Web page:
Letter from DC: Debt Ceiling Politics and Resistance to a Multicultural Nation

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There’s a very dangerous toxicity to Washington’s DC’s atmosphere right now that goes well beyond its 110 degree heat index and warnings to stay indoors because of the horrific air quality. You literally can see the proverbial haze and heat lightning engulfing the U.S. Capitol as extremists play chicken over the extension of the country’s debt ceiling to register their displeasure over a changing country.

What used to be a routine one-line legislative act - George W. Bush sought and was granted seven debt limit raises during his eight years in office - was cleverly leveraged this year by Republicans to confront the nation’s very troubling red ink, a strategy for which they should be applauded for forcing the issue.

Vice President Joe Biden shocked the Republicans by creating a proposal last month that essentially did that, identifying $2 trillion in spending cuts. To get Democrats on board, he needed some refinements to the tax code that let some of the Bush era tax cuts (the ones that helped blow the Clinton surpluses) expire for those making more than $250K a year, and close egregious tax loopholes created for specific industries and companies.

Dems lose soOld Ebbitt Grill.jpgme sacred cows as does the GOP. Classic DC compromise. Martini time. See ya at the Old Ebbitt Grill before we hit the beach...

The Republicans, led by House Majority Leader Eric "Little Lord Cantorkerous of Henrico County" Cantor (R-VA) walked out of the talks in a huff decrying any "taxation of job creators" after seeing the unexpectedly adroit return of serve.Obama and Boehner.jpg

The kids’ table got so cantankerous, the grown-ups had to retreat to the backyard to talk. In this case, it was President Obama and House Speaker John Boehner (R-OH) hitting the links and holding private talks to develop the "grand plan."

The proposal would have trimmed $4 trillion from the deficit over ten years through $3 trillion in spending cuts and $1 trillion from letting some tax cuts expire and closing some loopholes, or “simplifying” the tax code as Boehner put it. It actually surpassed a bipartisan recommendation by the Simpson-Bowles Commission for a 2.2 to 1 ration of spending cuts to revenues to reduce the deficit.

House Republicans went absolutely ape, emasculated Boehner, and forced a contrite retreat by him to the “no taxation of job creators” mantra.

Little Lord Cantorkerous decried the lack of sacrifice made by the President, although Obama would face the immense challenge of getting buy-in from his base on changes in the third rail of Social Security and Medicare that could be anathema to Democrats.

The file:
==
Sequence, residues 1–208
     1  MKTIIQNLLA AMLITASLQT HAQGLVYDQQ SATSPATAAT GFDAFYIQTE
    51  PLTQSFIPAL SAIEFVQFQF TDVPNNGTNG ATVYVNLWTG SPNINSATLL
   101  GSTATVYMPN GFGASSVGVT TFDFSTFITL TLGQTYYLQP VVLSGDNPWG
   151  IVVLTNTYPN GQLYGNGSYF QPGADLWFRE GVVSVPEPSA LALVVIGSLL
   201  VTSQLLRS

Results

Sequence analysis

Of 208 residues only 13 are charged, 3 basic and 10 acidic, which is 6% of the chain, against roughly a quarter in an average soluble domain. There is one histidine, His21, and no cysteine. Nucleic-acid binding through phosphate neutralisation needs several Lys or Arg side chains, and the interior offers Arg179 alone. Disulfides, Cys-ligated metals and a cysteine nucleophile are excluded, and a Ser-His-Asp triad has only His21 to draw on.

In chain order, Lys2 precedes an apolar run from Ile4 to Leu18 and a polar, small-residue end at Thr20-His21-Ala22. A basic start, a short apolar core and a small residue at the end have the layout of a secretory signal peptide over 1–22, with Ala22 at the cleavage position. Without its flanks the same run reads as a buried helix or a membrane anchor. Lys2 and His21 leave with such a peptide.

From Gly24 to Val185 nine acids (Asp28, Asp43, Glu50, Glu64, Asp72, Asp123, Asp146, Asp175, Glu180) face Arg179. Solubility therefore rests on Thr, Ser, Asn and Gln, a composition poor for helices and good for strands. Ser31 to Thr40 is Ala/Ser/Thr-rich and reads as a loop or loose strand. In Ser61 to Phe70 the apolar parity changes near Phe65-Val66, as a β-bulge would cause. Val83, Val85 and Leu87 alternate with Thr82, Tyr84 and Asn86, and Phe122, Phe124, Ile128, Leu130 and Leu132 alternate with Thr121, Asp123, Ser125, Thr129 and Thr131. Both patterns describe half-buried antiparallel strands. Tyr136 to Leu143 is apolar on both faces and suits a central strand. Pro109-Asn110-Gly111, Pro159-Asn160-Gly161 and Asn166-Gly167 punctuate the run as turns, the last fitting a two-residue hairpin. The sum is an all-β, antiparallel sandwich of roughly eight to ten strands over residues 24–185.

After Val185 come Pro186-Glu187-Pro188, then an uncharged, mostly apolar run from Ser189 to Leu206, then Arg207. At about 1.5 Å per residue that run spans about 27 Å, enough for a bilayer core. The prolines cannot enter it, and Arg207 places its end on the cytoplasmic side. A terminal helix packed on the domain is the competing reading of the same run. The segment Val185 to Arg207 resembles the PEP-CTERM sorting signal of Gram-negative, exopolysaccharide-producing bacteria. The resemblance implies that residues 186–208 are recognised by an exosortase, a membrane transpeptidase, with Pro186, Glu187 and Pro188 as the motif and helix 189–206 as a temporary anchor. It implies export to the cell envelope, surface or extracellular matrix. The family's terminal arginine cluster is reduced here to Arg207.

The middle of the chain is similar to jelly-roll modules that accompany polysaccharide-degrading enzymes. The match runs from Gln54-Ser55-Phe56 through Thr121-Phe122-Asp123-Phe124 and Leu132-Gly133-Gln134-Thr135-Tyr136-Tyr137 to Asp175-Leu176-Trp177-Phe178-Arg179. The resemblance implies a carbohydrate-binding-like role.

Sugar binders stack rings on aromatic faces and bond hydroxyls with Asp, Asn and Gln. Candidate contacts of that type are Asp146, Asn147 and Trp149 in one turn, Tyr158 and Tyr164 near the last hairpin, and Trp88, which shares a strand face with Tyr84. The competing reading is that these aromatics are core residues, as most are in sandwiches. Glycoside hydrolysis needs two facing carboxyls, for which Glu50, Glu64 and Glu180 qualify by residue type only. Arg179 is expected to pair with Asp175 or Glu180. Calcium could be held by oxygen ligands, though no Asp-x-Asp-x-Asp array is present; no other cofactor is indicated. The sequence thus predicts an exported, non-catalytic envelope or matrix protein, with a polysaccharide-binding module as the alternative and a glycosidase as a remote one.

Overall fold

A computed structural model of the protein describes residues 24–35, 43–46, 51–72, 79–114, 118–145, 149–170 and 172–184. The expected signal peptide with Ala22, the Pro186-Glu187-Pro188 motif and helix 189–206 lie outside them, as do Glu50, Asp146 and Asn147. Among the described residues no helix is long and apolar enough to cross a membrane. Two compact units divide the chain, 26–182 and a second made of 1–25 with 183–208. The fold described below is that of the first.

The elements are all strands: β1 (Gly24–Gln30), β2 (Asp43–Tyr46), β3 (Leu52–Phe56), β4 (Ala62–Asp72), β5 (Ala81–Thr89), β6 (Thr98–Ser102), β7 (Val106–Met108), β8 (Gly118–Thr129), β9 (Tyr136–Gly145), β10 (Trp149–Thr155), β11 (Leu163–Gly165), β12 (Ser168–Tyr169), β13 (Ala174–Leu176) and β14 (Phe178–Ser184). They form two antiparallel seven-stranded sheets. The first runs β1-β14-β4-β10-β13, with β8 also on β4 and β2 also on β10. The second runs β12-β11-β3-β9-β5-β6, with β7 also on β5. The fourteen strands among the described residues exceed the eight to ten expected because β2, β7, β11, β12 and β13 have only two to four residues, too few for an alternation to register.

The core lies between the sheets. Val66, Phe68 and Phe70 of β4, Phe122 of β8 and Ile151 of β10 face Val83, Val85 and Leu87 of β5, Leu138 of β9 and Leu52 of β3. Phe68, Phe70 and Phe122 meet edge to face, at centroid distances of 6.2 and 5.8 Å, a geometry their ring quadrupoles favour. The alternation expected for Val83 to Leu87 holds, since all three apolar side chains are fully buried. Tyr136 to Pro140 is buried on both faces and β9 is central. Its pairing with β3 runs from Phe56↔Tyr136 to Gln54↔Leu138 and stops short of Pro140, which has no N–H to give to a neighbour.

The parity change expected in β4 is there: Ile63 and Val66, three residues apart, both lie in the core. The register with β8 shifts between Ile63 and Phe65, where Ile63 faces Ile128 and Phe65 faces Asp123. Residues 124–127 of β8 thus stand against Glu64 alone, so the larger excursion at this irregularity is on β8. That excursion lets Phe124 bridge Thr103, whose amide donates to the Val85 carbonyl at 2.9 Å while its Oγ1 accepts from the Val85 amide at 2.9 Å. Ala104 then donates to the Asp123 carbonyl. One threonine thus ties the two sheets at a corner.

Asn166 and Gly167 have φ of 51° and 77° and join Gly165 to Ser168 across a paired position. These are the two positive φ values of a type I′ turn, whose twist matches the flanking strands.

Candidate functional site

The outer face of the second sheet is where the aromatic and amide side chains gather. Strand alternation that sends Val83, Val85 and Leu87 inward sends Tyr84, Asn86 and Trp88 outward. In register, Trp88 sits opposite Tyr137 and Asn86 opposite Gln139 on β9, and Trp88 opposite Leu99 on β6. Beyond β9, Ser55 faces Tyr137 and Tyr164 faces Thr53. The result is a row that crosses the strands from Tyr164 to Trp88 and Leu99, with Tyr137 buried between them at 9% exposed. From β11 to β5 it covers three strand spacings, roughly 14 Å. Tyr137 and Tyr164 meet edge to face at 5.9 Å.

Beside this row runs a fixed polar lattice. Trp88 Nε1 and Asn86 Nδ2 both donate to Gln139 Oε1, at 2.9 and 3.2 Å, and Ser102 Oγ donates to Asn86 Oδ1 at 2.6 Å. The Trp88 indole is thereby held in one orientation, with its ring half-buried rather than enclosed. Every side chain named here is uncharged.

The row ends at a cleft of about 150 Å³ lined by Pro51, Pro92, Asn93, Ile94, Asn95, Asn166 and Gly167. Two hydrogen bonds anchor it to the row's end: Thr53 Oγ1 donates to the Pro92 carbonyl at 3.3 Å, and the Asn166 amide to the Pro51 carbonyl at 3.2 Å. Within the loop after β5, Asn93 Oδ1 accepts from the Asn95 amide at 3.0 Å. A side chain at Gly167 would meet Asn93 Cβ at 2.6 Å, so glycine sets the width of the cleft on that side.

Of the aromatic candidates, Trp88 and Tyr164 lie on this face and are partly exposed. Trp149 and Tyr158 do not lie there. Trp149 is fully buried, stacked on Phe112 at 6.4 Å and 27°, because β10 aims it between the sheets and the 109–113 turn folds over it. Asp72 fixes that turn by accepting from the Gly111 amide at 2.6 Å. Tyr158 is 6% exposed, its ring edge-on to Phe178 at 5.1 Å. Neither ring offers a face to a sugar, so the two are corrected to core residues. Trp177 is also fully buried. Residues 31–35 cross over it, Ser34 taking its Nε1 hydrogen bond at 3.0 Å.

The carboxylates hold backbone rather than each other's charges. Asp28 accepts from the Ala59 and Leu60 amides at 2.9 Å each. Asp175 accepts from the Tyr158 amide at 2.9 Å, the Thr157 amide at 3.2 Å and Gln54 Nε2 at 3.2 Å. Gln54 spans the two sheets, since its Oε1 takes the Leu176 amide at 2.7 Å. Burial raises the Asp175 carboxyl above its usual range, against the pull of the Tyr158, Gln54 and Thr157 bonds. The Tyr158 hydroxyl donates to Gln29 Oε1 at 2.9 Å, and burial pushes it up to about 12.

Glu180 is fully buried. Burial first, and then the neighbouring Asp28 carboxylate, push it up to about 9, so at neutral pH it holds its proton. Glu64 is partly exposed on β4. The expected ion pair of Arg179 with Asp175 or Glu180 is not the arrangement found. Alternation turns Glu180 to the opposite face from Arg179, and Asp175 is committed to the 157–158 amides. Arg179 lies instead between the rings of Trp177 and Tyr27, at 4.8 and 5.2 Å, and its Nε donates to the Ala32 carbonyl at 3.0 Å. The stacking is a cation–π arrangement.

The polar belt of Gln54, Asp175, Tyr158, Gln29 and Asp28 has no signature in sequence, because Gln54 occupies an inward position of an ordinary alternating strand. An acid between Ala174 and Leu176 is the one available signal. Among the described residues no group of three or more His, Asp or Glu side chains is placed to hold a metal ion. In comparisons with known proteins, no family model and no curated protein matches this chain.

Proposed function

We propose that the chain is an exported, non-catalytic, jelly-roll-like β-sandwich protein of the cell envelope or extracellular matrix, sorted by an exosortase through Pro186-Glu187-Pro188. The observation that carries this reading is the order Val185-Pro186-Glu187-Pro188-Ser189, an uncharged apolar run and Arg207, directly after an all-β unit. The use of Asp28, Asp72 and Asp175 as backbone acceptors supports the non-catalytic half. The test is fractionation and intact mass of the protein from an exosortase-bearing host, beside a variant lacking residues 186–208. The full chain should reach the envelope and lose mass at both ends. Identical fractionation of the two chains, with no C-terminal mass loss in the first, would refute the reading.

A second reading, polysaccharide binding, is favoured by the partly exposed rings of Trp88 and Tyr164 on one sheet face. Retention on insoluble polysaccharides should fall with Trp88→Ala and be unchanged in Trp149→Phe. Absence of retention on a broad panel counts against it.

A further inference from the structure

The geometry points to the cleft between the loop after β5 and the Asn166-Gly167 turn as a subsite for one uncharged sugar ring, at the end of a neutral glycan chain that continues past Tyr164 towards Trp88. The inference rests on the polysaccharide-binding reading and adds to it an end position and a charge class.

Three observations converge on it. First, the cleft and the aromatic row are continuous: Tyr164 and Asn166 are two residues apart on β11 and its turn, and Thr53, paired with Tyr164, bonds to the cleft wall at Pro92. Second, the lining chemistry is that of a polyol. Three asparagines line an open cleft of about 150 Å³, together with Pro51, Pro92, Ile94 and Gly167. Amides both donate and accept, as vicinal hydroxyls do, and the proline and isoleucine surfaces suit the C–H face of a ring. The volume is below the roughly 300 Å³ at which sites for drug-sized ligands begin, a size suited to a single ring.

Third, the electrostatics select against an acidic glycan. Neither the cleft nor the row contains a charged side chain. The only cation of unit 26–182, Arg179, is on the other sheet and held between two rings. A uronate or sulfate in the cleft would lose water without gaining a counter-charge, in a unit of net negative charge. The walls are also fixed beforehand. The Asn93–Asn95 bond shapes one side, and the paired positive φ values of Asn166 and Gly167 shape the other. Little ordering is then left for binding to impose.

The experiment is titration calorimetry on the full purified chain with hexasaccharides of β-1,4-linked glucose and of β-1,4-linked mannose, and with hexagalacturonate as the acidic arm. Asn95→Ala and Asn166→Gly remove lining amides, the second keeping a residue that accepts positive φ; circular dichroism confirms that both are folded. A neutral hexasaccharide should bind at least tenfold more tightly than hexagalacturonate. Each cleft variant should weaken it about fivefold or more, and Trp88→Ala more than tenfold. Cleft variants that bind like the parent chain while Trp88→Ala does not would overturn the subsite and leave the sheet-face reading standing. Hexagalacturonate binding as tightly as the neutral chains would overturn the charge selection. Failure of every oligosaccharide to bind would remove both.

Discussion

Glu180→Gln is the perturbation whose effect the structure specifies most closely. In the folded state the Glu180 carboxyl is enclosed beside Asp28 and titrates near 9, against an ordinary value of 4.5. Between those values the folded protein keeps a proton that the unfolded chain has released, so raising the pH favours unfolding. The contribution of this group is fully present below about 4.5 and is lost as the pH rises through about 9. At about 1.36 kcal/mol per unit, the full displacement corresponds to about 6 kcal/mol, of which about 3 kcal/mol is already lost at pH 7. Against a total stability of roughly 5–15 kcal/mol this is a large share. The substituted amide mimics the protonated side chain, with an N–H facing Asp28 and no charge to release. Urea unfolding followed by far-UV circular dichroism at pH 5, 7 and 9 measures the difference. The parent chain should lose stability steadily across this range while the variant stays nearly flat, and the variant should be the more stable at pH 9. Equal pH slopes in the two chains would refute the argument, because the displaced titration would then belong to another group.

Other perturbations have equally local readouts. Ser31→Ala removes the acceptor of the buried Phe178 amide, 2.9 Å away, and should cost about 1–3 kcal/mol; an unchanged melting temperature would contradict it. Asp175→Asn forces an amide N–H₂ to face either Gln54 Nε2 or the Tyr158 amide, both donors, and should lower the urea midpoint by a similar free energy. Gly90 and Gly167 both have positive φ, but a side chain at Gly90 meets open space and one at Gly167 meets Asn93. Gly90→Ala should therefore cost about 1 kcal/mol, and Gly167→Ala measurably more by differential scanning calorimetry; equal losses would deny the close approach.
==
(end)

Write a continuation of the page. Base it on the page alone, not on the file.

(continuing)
The magnanimous Little Lord’s sacrifice?  To even consider a debt-ceiling increase, something the Congress has never failed to do since JFK. How gracious indeed.  

But now the corporate community is starting to weigh in, realizing the potentially apocalyptic consequences of a U.S. default on its debt obligations. Even the U.S. Chamber of Commerce, who regards Obama as Public Enemy #1, has tried to get the Republicans to cool it, organizing a letter from multiple business interests that calls for a deal that pragmatically addresses the debt ceiling and the deficit.

Senate Minority Leader Mitch McConnell (R-KY) saw the writing on the wall and has come up with a kick the can solution. With a default, Republicans “would have co-ownership of a bad economy. That is very bad positioning going into an election,” he told the Laura Ingraham Show.

McConnell.jpgAt least one knows where McConnell’s legislative priorities lie. “The single most important thing we want to achieve is for President Obama to be a one-term president,” he infamously said in October of 2010 after the GOP captured the House. Nice to have goals...

What’s really going on here? It’s not policy. A debt default is unthinkable. The most stalwart of fiscal conservatives recognize the inherent inequity in targeted tax loopholes for hedge fund managers and oil companies that gave even George W. Bush pause. Who could not consider getting three bucks in spending cuts for a dollar in revenues a victory? 

Washington Post columnist Harold Meyerson seems to have articulated an answer. “[T]he anxiety our economy understandably evokes is augmented by the politics of racial resentment and the fury that the country is no longer only theirs. That’s not a country whose government they want to pay for - and if the apocalypse befalls us, they seem to have concluded, so much the better.”

Todd and Bruce are getting married. Jose and Consuelo are doing more than cutting lawns and nannying kids. A brother’s in the White House. These are scary times for conservatives accustomed to enforcing an American identity through “benevolent paternalism.” It’s time to take back the country and show who’s in charge, policy be damned.

This past week funeral services were held for Betty Ford, who single-handedly put breast cancer awareness and women’s health issues front and center in the national discourse, not to mention to remove many of the stigmas associated with alcoholism and substance abuse. Her husband honorably delivered the U.S. from the “national nightmare of Watergate.” 

Her message? “A time in Washington when Democrats and Republicans used to be friends, when their families were friends. The main message she wanted me to say is when you’re friends, government works. It’s like she planned it for this week,” eulogizer Cokie Roberts said.

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Marc Osgoode Smith has covered – and participated in - Washington DC policy circles for more than two decades as a journalist covering media and as an association and think tank executive. Smith now enjoys his role as a “cultural observer” of DC Politics and the people that engage in them.

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